INDEPTH: SPONSORSHIP SCANDAL
Gomery report: Key quotes
CBC News Online | November 1, 2005
About Jean Chrétien's lack of response to concerns
about the program's management
"On December 18, 1996, in a memorandum to the Prime Minister,
Ms. Bourgon [Clerk of the Privy Council] expressed concern
about ministerial responsibility for funds allocated to the
Unity Reserve on the basis of his signature. … Mr.
Chrétien did not reply in any way to the memorandum."
About Chrétien's responsibility
"He chose to disregard this advice [from Bourgon] and, since
he is directly responsible for errors committed by Mr. Pelletier,
he must share the blame for the mismanagement that ensued."
On Paul Martin
"Mr. Martin, whose role as finance minister did not involve
him in the supervision of spending by the PMO or [Public Works]
is entitled, like other ministers in the Quebec caucus, to
be exonerated from any blame for carelessness or misconduct."
About the role of Jean Pelletier, Chrétien's chief
"Mr. Pelletier, for all practical
purposes, assumed the role, functions and the responsibilities
of a minister of a department charged with implementing the
About how Chuck Guité's immediate superiors viewed
"In their eyes and those of everyone in the public service,
he was in a special category, seemingly exempt from the usual
reporting rules, and not obliged to conform to normal practices
and procedures. Only one subordinate, Allan Cutler, dared
to challenge Mr. Guité's
authority and methods and, as a result, he was declared surplus
by Mr. Guité."
About Guité's meetings with Jean Pelletier regarding
which events to sponsor
"It is hardly plausible that he and Mr.
Pelletier would have studiously avoided any discussion
or mention of the important question of which agency would
be hired to manage the event or project on behalf of the Government."
About Jacques Corriveau, a very close friend of Chrétien
"His testimony frequently conflicts with more credible witnesses.
His motivation became apparent as the evidence unfolded: Jacques
Corriveau was the central figure in an elaborate kickback
scheme by which he enriched himself personally and provided
funds and benefits to the LPCQ."
On Corriveau's accounting practices
"Obviously his accounting records would not be maintained
in such a way as to document a corrupt practice. Persons participating
in corrupt practices usually take great care to avoid documenting
or recording their illicit activities."
On Chrétien's connections to Corriveau
"The absence of any evidence of direct involvement in
Mr. Corriveau's wrongdoing
entitles both Mr. Pelletier and Mr. Chrétien to be exonerated
from blame for Mr. Corriveau's misconduct. But they are to
be blamed for omissions."
On the responsibility of the advertising firms
"All of the agencies [named in the report] contributed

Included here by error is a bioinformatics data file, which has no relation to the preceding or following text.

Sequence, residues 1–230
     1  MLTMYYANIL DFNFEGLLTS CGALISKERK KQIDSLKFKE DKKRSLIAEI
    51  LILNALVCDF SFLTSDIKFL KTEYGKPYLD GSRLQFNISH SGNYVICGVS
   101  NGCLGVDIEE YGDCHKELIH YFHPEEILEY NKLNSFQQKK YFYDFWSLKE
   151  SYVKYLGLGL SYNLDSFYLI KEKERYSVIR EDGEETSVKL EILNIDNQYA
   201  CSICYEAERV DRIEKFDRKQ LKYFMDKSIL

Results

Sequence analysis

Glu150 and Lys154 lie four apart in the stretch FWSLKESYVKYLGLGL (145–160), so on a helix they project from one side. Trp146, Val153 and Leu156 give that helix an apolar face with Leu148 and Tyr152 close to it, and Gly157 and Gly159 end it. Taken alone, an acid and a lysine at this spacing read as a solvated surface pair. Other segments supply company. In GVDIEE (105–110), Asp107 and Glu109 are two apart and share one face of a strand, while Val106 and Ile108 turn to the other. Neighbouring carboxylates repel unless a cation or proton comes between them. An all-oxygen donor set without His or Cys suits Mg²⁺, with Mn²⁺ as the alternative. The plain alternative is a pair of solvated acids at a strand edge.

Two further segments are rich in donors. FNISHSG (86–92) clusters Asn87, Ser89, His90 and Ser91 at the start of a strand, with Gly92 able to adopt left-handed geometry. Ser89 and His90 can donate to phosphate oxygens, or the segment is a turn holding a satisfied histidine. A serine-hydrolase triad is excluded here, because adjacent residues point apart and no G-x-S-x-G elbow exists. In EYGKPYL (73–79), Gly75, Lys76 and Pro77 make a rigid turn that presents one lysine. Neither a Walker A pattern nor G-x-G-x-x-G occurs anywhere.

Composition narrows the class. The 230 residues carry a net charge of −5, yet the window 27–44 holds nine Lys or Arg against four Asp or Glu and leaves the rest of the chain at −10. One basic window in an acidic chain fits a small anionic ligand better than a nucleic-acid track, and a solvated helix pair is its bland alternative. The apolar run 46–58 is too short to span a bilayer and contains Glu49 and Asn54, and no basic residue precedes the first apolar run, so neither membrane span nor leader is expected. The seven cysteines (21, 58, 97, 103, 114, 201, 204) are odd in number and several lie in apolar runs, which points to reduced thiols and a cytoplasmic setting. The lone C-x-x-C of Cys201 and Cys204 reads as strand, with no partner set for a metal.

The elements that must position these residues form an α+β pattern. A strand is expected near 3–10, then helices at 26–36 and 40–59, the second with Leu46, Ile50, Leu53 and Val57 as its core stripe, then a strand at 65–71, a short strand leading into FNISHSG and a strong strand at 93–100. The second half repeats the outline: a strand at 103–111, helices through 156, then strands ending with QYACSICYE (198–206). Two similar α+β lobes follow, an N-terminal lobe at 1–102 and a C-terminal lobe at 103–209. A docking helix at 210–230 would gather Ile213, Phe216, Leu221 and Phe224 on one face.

to the financing of the Liberal Party of Canada. Whether legal
or illicit, there was at least an implicit link between the
contributions and the expectation that the government contracts
would be awarded."
About Jean Brault
"Mr. Brault sought to
purchase political influence to obtain more lucrative sponsorship
contracts. These motives were improper. The behaviour of the
representatives of the LPCQ [Joseph Morselli and Beryl Wajsman]
was equally improper and blameworthy."
About Groupaction contributions to the LPCQ (the Quebec
wing of the Liberal Party of Canada)
"An illegal and unrecorded campaign contribution of $50,000
was made to the LPCQ by Groupaction by means of false invoices."
About Alain Renaud, who had an informal agreement
to help Brault obtain government contracts
"There can be no doubt about the direct relationship
between the sums paid by Groupaction to Mr. Renaud's company
and the contribution by the latter to the LPCQ."
On Alfonso Gagliano's role
"Mr. Gagliano became directly
involved in decisions to provide funding to events and projects
for partisan purposes, having little to do with considerations
of national unity. … Mr. Gagliano must accept responsibility
for the actions and decisions of his exempt [political] staff,
including Pierre Tremblay, who served as his executive assistant
[and replaced Guité], and Jean-Marc Bard."
On the role of deputy minister Ranald Quail
"He abdicated his responsibility to control, direct and oversee
the actions of officials in his department. … If Mr.
Quail did not take steps to inform himself of what was going
on, he must accept the consequences of irregularities that
occurred. … In fairness to Mr. Quail, he was, in 1996
and 1997, very busy with the enormous problems associated
with program review."
On ministerial responsibilities in general
"The minister should give sufficient directions to the
deputy minister so that the latter will be able to properly
supervise the actions of the subordinate personnel. Willful
ignorance will not absolve a minister from responsibility
for failures within the department."